December 2015 - Philippine Supreme Court Decisions/Resolutions
G.R. No. 213832, December 07, 2015 - PEOPLE OF THE PHILIPPINES, Plaintiff-Appellee, v. GILBERT MERCADO A.K.A. "BONG", Accused-Appellant.
G.R. No. 213832, December 07, 2015
PEOPLE OF THE PHILIPPINES, Plaintiff-Appellee, v. GILBERT MERCADO A.K.A. "BONG", Accused-Appellant.
R E S O L U T I O N
Subject of this appeal1 is the Decision2 dated November 29, 2013 of the Court of Appeals (CA) in CA-GR CR-HC No. 00941-MIN, which affirmed with modification the Decision3 dated March 28, 2011 of the Regional Trial Court (RTC) of Zamboanga City, Branch 16, in Criminal Case Nos. 18497 and 18498, convicting accused-appellant Gilbert Mercado a.k.a. "Bong" (Mercado) for two counts of Murder.
Mercado was charged in separate informations with two counts of Murder for the deaths of Victor Dulap y Vargas (Victor) and Charlie Dulap y Vargas (Charlie) on October 31, 2001 in Zamboanga City, specifically:
During the arraignment, Mercado pleaded "not guilty" to both charges. After pre-trial, trial on the merits ensued.6
IN CRIMINAL CASE NO. 18497
That on or about October 31, 2001, in the City of Zamboanga, Philippines, and within the jurisdiction of this Honorable Court, the above named accused, armed with a handgun, by means of treachery and with intent to kill, did then and there willfully, unlawfully and feloniously, suddenly and without any warning, assault, attack and shoot with the use of said weapon that he was then armed with, at the person of [Victor], thereby inflicting mortal gunshot wound on the fatal part of the latter's body which directly caused his death, to the damage and prejudice of the heirs of said victim; furthermore, there being present an aggravating circumstance in that the weapon used in the commission of the crime is an unlicensed firearm.4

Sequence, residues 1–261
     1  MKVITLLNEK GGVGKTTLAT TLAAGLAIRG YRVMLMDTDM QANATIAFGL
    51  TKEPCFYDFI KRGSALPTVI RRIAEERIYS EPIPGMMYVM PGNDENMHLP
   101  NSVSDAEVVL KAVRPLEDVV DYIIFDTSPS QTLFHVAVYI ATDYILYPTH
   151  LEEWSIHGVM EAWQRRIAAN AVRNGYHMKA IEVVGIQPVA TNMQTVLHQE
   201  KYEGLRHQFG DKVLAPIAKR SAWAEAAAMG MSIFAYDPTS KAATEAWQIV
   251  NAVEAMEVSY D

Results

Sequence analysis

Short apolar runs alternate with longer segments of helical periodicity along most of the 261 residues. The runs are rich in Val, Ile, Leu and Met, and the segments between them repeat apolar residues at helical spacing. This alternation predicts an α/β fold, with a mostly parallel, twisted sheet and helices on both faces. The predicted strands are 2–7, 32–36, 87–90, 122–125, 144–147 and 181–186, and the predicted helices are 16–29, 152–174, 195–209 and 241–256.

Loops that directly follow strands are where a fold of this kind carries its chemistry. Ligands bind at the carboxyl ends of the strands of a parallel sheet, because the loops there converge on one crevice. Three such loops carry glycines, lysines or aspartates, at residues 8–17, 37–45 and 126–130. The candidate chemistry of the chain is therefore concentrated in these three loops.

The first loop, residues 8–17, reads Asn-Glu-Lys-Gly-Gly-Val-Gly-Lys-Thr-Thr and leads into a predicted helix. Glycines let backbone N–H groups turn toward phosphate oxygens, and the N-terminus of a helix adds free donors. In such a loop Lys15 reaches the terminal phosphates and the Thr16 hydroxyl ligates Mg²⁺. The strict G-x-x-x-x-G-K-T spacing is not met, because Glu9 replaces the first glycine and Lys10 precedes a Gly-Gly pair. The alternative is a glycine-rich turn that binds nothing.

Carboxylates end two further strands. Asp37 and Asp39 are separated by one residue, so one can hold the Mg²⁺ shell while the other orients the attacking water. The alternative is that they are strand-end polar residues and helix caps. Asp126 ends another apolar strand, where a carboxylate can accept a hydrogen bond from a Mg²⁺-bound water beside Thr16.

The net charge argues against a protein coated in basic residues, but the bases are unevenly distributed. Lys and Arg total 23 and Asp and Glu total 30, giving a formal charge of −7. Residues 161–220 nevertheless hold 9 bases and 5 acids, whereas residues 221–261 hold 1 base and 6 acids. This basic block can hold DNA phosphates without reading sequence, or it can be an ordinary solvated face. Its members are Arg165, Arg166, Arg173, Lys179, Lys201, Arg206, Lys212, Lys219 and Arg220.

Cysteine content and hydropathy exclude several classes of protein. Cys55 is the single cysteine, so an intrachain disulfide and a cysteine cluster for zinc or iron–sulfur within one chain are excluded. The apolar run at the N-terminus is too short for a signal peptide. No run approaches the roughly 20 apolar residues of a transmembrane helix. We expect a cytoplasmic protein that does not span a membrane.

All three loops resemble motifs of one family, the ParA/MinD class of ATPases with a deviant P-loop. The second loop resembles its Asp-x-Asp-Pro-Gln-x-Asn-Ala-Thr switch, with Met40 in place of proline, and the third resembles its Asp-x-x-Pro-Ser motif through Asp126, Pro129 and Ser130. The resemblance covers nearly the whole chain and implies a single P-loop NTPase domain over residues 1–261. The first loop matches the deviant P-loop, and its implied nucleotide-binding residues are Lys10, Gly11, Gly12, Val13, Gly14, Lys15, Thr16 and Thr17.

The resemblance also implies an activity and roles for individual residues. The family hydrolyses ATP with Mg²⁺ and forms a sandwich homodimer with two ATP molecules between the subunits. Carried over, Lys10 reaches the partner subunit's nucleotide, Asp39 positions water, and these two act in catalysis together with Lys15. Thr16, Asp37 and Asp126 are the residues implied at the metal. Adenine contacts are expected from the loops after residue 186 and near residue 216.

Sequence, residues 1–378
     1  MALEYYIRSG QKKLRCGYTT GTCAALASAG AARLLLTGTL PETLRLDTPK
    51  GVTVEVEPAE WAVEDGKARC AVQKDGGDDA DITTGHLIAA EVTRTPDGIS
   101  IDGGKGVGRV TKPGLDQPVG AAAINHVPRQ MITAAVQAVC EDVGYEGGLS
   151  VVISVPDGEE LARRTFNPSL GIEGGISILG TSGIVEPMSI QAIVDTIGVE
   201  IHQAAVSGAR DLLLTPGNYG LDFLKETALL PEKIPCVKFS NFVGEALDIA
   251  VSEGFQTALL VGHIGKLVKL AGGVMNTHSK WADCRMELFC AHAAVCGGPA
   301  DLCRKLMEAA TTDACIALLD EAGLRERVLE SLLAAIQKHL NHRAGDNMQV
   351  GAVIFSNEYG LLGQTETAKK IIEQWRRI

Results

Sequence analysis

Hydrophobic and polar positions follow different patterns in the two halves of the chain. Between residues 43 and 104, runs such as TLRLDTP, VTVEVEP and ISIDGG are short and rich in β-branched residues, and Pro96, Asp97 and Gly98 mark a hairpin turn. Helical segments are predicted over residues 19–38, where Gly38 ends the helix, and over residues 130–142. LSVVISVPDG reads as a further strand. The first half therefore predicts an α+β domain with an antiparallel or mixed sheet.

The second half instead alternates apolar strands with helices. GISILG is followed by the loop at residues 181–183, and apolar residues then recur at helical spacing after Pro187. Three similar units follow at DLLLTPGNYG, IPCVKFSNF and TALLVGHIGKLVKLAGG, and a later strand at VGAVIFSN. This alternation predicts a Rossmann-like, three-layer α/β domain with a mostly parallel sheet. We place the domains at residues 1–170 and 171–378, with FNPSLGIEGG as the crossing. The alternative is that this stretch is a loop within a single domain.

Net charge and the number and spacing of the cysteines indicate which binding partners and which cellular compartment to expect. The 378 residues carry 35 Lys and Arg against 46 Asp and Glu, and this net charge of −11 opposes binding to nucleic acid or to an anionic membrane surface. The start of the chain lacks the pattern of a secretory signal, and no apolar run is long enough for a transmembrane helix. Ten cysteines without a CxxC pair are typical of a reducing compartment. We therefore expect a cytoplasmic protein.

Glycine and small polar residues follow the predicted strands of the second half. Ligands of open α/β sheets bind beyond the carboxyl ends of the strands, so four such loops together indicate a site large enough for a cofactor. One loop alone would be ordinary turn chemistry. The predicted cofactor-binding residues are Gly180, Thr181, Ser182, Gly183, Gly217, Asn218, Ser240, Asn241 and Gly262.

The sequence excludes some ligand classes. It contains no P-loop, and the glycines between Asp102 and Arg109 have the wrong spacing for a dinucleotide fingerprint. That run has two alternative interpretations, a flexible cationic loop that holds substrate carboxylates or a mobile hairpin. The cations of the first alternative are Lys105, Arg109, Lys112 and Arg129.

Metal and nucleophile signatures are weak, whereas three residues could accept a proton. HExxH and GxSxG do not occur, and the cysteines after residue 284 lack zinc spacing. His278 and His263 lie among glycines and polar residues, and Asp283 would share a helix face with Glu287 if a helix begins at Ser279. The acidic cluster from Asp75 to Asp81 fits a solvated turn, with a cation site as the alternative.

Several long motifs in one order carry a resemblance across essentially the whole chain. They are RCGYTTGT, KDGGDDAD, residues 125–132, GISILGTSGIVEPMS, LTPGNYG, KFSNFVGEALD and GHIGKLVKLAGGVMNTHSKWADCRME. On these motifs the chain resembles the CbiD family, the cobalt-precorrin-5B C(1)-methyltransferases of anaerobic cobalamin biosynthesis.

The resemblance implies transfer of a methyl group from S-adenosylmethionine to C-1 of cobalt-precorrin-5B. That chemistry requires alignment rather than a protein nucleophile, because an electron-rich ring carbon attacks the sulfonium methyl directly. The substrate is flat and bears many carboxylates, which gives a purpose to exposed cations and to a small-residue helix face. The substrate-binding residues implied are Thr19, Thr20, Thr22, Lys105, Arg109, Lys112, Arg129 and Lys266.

IN CRIMINAL CASE NO. 18498
That on or about October 31, 2001, in the City of Zamboanga, Philippines, and within the jurisdiction of this Honorable Court, the above named accused, armed with a handgun, by means of treachery and with intent to kill, did then and there willfully, unlawfully and feloniously, suddenly and without any warning, assault, attack and shoot with the use of said weapon that he was then armed with, at the person of [Charlie], thereby inflicting mortal gunshot wounds on the fatal part of the latter's body which directly caused his death, to the damage and prejudice of the heirs of said victim; furthermore, there being present an aggravating circumstance in that the weapon used in the commission of the crime is an unlicensed firearm.5ChanRoblesVirtualawlibrary
The prosecution presented several witnesses to support their cases against Mercado. Based on the witnesses' testimonies, the killings happened on the evening of October 31, 2011 at the residence of Rosario Isad y Solis (Rosario) in Gemelina Drive, San Roque, Zamboanga City. Rosario had visitors on that day because it was her daughter Restie Ann's birthday. Among those present were her neighbors Victor and Charlie, Analiza Sahibul (Analiza) with boyfriend Mercado and companions Edwin Udja and a certain "Eddie". The visitors were at the sala, sitting on the floor and singing while having food and alcoholic drinks.7